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Stekl, Michael (Spring 2019)

Permanent URL: https://etd.library.emory.edu/concern/etds/np193b12r?locale=zh
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Abstract

If sex has become a “problem of truth,” then what is truth, and what is sex? This thesis reevaluates the status of truth in both the methodology and the object of Michel Foucault’s History of Sexuality. In chapter 1, I analyze the still-unpublished challenge to dialectical philosophies of truth that a young Foucault develops (in 1955-1956) through Friedrich Nietzsche’s notion of the Eternal Return. In Foucault’s hands, eternal recurrence is no metaphysical concept, but rather the foundationless iteration of iterations through which alone any metaphysics of truth is constituted. Repetition figures truth’s condition of (im)possibility, as this constitutive iterability, groundlessness, or contingency of truth is disavowed by the dialectical pretense to Absolute Knowledge, with its eternally deferred ideals of stability and self-identity. I argue that Foucault’s later genealogies, as “political histories of truth,” may be read as “experiences of the Eternal Return”; pace charges of historicism, genealogy estranges the Absolute truths of the present to themselves, less by pinpointing their emergence on a chronological timeline than by showing up the haunting return of aleatory relations in the present. In chapter 2, I read History of Sexuality: Volume One“from the point of view of the Eternal Return,” to examine how Foucault’s Nietzschean problematization of truth destabilizes the “problem of truth” that is (post)modern sexuality. If truth is never finally Absolute, and if the truth/fiction of Absolute Knowledge (un)grounds the (bio)power-knowledge of sexuality, then the truth of sex is perpetually threatened by its own iterability. This is to say that the construction of sexuality through a differential repetition of haphazard forces, hailing from the 13ththrough 20thcenturies, promises (in the same breath) both the (bio)political violencerequired to synthesize/secure stable régimes of truth, and the possibility of resistinghegemonic iterations, reiterating norms differently. Insisting that the borders of modern sexuality and subjectivity are equally rigidified and ruptured through such historical repetitions – which (un)found historical time itself – Sex and Truth offers an original Nietzschean rereading of Foucault that hopes to contribute to discussions of identity and temporality spanning continental philosophy, queer theory, and sexuality studies.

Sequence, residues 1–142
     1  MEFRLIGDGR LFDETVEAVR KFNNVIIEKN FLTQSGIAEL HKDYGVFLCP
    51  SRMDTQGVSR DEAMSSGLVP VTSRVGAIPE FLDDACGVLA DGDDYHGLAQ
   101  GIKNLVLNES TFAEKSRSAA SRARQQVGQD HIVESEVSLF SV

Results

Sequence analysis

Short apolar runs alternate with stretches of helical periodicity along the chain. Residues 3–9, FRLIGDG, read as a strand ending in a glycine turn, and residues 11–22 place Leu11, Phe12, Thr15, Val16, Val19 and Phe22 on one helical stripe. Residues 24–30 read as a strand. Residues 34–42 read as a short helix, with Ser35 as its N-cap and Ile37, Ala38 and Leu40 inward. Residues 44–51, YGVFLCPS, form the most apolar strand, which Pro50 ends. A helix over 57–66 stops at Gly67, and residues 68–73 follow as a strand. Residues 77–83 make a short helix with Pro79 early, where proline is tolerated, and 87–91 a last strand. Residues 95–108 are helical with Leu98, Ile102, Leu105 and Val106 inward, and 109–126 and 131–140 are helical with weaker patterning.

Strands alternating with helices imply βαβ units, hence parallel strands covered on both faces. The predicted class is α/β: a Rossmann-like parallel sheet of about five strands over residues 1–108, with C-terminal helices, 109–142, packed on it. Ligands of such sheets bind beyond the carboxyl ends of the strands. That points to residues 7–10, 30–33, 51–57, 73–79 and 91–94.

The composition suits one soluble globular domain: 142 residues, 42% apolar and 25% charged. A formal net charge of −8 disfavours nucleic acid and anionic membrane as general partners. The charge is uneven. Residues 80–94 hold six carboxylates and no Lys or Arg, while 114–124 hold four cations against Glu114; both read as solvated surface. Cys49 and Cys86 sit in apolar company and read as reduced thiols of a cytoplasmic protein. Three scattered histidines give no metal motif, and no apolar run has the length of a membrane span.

Table of Contents

 

Table of Contents

Introduction……………………………………………………………………………………… 1

Chapter 1: Ceci n’est pas une Histoire: Genealogy as an Experience of the Eternal Return……………4

§1. Coup de Marteau, Coup de Foudre: Foucault’s First Engagement with Nietzsche…………..9

§2. The Return of the Return: Foucault’s Second Reading of Nietzsche…………………..36

Chapter 2: Eternal Recurrence in History of Sexuality………………………………………………56

Epilogue…………………………………………………………………………………………..91

Bibliography……………………………………………………………………………………. 100

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